Downloadable Editor Resume Examples For 2024 (Template & Free Guide)

Our collection of editor resume examples will set you up to succeed. Whether you’re a seasoned editing professional or just beginning in this field, our templates are here to help you get your next job!

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Editor Resumes: Overview

As an editor, your primary responsibility is to review and refine written content, ensuring it meets high grammar, style, and clarity standards.

Editorial professionals can be found in:

    • Publishing houses and literary agencies
    • Newsrooms and journalism organizations
    • Marketing and advertising agencies
    • Educational institutions
    • Corporate communications and public relations departments

The most critical skills and qualifications for editors include attention to detail, proficiency in style guides, excellent grammar and punctuation skills, and the ability to provide constructive feedback to writers.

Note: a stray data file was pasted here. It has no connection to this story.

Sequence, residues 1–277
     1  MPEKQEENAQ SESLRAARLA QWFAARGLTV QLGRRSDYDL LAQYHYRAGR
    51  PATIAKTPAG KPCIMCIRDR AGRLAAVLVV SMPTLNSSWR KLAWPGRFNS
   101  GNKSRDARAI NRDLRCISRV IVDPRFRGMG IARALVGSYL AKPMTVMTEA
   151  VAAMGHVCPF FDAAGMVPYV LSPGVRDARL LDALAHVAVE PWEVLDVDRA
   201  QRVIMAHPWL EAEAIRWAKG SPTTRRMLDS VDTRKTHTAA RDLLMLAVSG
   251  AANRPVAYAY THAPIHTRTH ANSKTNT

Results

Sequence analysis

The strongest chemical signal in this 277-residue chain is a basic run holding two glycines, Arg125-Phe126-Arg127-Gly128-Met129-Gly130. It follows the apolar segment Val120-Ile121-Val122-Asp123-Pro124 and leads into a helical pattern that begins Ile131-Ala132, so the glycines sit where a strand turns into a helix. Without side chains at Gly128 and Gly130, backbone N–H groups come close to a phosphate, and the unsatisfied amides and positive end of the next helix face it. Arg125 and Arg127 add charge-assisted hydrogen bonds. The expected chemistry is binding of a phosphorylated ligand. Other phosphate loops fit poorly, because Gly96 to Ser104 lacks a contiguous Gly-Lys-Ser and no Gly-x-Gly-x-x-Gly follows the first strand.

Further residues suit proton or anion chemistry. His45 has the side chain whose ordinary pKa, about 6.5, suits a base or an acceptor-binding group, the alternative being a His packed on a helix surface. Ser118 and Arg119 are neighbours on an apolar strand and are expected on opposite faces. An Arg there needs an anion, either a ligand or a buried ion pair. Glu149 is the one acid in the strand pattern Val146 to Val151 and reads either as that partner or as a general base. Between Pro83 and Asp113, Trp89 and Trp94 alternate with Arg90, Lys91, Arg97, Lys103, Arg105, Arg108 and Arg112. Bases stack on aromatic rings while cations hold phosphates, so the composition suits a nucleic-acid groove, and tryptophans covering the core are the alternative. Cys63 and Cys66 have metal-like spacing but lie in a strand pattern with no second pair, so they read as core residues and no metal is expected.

Explore our examples to craft a resume that effectively showcases your editorial expertise. Save time with our online resume builder, and gain full access to additional resume examples, and various downloadable templates.

Editor Resume Example

Check out this example of a resume for a copywriting editor that provides a great template for showcasing qualifications and engaging readers.

  • Engaging Design:

    This managing editor resume is visually appealing and easy to read, creating a professional first impression. It balances text and whitespace effectively. Using color and other style choices sets this resume apart from the competition.

  • Relevant Skills:

    This example of a managing editor’s resume highlights skills directly related to the position—for example, copywriting and editing, content planning, and error spotting. It also highlights soft skills such as multitasking, planning and coordination.

  • Professional Summary:

    This resume features a concise and compelling professional summary, summarizing the candidate's experience and essential skills for the job. In just three sentences, it conveys the applicant’s years of experience, qualifications, and relevant soft skills.